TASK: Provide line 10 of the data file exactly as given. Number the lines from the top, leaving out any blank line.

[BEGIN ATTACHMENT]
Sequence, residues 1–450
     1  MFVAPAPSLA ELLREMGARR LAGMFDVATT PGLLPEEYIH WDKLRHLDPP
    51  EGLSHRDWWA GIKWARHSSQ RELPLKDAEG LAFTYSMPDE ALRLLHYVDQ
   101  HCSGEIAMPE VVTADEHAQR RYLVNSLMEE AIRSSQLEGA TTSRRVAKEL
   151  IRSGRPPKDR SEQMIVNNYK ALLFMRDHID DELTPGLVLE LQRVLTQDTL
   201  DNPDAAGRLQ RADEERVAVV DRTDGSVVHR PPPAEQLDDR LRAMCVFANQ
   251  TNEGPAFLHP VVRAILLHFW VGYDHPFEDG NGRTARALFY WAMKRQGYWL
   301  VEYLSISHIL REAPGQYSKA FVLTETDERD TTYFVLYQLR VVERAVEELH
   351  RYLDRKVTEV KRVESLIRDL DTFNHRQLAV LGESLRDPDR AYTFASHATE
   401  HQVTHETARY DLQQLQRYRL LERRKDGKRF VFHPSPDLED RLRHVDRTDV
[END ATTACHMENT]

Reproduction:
   401  HQVTHETARY DLQQLQRYRL LERRKDGKRF VFHPSPDLED RLRHVDRTDV